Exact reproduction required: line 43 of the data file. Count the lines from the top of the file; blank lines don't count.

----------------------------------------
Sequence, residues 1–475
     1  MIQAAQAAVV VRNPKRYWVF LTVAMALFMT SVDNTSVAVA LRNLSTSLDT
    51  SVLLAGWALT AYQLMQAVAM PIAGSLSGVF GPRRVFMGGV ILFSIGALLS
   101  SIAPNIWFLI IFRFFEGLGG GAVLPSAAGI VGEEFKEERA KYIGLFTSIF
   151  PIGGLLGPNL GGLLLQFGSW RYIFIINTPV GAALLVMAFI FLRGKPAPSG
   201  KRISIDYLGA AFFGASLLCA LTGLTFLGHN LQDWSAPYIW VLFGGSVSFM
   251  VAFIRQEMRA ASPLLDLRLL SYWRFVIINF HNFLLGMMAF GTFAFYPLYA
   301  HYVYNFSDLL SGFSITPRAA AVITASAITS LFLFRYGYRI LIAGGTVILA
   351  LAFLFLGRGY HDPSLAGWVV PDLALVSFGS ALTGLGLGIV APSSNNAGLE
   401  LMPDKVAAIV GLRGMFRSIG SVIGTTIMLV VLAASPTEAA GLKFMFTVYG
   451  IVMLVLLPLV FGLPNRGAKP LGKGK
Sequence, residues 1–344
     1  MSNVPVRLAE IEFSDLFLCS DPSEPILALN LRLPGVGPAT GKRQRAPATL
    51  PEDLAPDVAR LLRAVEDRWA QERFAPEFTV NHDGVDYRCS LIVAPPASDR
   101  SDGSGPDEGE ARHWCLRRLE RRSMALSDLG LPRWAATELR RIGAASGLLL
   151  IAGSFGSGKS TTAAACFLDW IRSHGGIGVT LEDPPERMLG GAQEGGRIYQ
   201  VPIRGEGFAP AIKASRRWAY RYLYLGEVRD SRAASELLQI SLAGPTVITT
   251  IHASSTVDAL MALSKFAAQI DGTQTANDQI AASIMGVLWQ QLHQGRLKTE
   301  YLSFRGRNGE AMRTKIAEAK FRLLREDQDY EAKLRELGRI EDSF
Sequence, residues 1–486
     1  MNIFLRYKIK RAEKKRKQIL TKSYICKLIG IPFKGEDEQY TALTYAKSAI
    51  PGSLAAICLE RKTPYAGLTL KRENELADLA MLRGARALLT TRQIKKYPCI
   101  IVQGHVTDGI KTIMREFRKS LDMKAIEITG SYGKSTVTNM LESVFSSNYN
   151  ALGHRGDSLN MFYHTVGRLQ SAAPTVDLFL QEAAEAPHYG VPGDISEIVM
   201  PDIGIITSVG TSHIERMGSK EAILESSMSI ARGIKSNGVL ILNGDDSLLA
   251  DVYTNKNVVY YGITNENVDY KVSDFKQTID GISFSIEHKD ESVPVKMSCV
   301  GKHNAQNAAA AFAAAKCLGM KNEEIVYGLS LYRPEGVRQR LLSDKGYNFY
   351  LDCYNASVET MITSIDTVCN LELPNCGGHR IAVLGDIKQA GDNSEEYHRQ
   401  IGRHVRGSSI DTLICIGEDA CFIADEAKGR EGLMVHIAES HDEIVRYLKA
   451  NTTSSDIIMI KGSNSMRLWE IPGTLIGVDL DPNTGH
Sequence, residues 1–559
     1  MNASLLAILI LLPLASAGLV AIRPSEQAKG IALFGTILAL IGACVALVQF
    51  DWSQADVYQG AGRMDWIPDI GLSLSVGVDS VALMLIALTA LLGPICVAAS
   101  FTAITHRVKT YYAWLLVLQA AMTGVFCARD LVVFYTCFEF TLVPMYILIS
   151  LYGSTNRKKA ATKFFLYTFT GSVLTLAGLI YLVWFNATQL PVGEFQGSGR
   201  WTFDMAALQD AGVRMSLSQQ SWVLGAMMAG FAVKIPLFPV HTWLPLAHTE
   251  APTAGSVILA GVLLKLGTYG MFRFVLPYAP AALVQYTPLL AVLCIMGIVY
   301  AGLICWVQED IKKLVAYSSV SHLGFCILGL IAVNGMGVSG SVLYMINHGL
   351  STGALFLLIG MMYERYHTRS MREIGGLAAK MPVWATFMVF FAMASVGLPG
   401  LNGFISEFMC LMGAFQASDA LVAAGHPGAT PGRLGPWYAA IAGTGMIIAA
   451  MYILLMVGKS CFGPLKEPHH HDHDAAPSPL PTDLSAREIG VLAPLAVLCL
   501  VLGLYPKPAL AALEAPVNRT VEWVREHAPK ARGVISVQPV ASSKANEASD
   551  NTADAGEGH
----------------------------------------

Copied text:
   551  NTADAGEGH